The employer witness testified that she has been employed by the SIE for thirty years. The witness testified that she learned about the claimant's accident from the nursing supervisor. The witness testified that the claimant finished work on August 29, 2014, signed out and then tripped in the hospital's parking lot. The witness testified that the SIE's parking lot is operated by a private vendor, and it is open to the general public, including the employees that pay to use it.

On cross-examination, the employer witness admitted that the sidewalk the claimant fell on was attached to hospital's building, and she had no knowledge regarding who controls it. The employer witness testified that the claimant has worked for the SIE for ten years, and she was considered a very reliable employee. The employer witness also admitted that a lot of employees walk through this parking lot.

The Board file contains a Supervisor's Report of Accident in which the supervisor reported that the sidewalk the claimant fell on was not level and was broken in parts. The report also indicated that the claimant stepped on a broken, uneven part of the sidewalk before she fell. The Board file also contains a witness report dated September 3, 2014. The witness reported that she saw the claimant fall while stepping onto the sidewalk in the parking lot on August 29, 2014. The photos referenced in the claimant's application and during the hearing on April 20, 2015, show a sidewalk that appears to be in a deteriorated condition connecting to a large building.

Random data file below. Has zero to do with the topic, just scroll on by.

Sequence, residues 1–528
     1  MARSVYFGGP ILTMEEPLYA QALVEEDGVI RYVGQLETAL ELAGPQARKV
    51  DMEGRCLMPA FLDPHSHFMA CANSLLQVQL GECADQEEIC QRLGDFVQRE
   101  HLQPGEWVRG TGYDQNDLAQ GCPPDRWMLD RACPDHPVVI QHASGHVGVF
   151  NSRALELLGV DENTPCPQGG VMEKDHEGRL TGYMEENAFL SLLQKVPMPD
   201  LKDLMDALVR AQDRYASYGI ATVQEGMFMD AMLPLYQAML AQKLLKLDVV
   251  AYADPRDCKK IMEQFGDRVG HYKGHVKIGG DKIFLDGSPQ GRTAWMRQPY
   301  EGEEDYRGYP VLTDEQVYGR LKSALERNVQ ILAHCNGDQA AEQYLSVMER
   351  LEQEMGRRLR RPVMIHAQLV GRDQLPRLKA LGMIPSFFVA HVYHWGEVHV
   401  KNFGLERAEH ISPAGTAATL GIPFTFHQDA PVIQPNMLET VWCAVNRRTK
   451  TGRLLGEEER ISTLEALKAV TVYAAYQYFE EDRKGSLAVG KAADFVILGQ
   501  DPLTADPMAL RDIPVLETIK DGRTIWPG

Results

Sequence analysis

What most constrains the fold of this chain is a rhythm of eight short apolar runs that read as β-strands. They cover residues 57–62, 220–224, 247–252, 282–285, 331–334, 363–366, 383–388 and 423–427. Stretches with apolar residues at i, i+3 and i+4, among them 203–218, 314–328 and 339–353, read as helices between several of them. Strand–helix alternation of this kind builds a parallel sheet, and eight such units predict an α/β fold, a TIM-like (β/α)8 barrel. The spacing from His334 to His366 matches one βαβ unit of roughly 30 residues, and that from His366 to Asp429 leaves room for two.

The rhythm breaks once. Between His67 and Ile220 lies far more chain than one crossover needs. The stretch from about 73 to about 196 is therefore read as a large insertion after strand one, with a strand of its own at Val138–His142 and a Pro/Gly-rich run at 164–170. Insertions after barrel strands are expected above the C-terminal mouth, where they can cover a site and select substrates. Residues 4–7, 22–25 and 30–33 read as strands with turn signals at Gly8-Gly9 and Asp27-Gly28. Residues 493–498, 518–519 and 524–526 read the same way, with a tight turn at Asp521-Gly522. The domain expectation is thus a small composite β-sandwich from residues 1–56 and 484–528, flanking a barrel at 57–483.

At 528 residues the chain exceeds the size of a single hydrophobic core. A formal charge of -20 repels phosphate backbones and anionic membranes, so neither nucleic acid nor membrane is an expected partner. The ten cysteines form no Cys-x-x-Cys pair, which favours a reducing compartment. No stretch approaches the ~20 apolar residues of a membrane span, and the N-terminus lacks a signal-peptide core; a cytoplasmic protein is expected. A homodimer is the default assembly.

By a decision filed April 23, 2015, the WCLJ established the claim for the left foot and knee, set the average weekly wage at $652.48 without prejudice, and made awards. The SIE requested administrative review of that decision.


"The well-established rule is that 'employees are not deemed to be within the scope of their employment while' commuting, since 'the risks inherent in traveling to and from work relate to the employment only in the most marginal sense' (Matter of Greene v City of New York Dept. of Social Servs., 44 NY2d 322 [1978] [additional citations omitted]). An injury which occurs on a public sidewalk while an employee is travelling to or from work is not compensable unless one of the exceptions to the general commuting rule applies (Matter of Davenport v N.Y. State Senate, 283 AD2d 880 [2001]).